Though I never met him, the death of former major league pitcher Steve Howe, 48, in an early morning, single vehicle, freeway accident in Southern California last week hit me hard and low. I always thought of Howe — whose career as a left-handed closer began so promisingly as Rookie of the Year for the Dodgers in 1980 before stuttering then stalling out after SEVEN suspensions for drugs and alcohol — as sort of my vastly more talented doppelganger.
Howe was just a few months older than I; we were of similar size, and we were both left-handed pitchers. Though my career peaked in high school, Howe was the Dodgers' closer by the time he was 22. I always rooted for him to get his career, then his life, back together long after he became much better known as a bad joke and an embarrassment than as a sensational pitcher. I never gave up on the guy - perhaps because it would have felt like giving up on myself.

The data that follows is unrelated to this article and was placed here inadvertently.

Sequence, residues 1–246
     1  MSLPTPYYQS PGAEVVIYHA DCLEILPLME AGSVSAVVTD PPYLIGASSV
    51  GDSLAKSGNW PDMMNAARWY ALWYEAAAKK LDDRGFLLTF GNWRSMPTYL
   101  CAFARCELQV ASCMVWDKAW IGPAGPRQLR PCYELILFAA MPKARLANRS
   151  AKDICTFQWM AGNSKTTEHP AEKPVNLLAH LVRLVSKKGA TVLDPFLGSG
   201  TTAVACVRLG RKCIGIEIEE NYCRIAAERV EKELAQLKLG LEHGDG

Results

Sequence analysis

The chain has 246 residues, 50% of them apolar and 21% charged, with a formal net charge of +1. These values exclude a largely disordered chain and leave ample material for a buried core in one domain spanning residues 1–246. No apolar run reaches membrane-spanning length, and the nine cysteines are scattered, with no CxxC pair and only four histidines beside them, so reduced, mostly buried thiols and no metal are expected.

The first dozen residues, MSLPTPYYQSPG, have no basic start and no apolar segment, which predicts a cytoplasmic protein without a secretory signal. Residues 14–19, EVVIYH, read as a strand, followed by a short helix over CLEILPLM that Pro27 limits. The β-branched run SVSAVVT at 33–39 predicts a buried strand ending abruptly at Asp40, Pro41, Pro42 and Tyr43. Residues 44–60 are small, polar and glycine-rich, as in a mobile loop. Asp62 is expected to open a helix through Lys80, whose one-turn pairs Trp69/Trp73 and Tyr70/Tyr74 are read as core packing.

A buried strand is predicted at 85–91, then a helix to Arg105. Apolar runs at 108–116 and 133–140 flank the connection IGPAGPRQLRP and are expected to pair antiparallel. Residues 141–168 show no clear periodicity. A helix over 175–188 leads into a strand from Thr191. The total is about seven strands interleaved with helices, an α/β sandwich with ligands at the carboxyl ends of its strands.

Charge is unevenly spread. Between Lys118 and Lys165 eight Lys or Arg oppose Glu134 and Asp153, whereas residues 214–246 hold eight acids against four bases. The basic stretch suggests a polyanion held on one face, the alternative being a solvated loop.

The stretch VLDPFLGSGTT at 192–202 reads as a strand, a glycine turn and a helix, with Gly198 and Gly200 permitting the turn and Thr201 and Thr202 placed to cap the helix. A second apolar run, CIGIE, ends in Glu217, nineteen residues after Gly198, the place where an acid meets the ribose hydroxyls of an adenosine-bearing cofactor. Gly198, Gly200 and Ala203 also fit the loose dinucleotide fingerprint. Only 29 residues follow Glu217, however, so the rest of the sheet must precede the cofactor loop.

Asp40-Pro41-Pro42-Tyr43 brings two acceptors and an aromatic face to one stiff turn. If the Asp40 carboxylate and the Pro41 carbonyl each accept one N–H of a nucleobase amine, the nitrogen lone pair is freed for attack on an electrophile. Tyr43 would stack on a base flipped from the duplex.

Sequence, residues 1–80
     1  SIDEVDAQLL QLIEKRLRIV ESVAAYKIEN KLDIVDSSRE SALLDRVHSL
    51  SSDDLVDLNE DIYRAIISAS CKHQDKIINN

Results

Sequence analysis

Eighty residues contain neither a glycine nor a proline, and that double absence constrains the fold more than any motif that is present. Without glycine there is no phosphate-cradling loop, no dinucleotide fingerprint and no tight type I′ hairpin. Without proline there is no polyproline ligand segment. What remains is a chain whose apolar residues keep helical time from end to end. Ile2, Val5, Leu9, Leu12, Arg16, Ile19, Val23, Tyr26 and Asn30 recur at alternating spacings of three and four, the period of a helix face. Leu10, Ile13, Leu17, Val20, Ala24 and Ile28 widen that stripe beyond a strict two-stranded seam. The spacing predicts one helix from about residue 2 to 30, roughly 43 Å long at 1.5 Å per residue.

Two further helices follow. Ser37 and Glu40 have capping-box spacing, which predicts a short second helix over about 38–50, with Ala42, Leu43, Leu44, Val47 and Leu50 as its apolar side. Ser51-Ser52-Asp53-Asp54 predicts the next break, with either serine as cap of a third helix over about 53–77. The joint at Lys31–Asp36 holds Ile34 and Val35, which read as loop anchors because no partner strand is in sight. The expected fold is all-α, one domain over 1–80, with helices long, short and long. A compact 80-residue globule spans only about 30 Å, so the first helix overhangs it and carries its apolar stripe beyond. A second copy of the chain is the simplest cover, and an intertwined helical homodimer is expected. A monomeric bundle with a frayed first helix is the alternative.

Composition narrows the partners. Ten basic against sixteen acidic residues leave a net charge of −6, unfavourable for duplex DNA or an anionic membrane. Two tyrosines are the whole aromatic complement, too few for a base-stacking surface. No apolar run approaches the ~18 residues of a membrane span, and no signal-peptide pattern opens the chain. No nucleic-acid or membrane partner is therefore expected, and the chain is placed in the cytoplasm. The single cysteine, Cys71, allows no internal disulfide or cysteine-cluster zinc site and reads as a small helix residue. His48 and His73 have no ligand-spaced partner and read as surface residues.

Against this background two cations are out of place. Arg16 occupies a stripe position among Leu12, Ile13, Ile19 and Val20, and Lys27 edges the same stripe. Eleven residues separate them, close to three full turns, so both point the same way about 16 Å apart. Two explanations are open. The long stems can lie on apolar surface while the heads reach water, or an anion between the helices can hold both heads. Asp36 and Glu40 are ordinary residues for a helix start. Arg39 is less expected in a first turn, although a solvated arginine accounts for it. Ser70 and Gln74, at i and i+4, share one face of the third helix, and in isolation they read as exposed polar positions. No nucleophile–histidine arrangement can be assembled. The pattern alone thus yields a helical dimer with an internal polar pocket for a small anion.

I too had my problems with substance abuse all through my late-teens and twenties. I can't believe I never hurt myself or anyone else given the HUNDREDS of times I drove under the influence of alcohol over a period of about 15 years. The extent of my fortune and the severity of the consequences should my force field of luck falter, finally hit home on a late summer night in 1989.
For several years I had been telling myself that I was a better DJ when I drank - I relaxed, got into it more. I also got sloppy, ruined equipment and records, flirted with women I had no interest in, and said stupid things. But I could ignore that.
That night, my friend, the manager of a long-gone dance club carved out of the Sea Lion restaurant in Malibu, was going away to law school and I had just become separated from my first wife. So, for very different reasons, we raised many a glass together throughout the evening as I had entertained a gathering of tourists and locals while waves scenically danced against the breakwater and splashed upon the club's large picture windows.
With the drinking finally finished and the club closed, I brushed my teeth and scooped up a finger-full of peanut butter out of the jar I kept in the truck to mask the odor of alcohol. I chuckled at my own cleverness.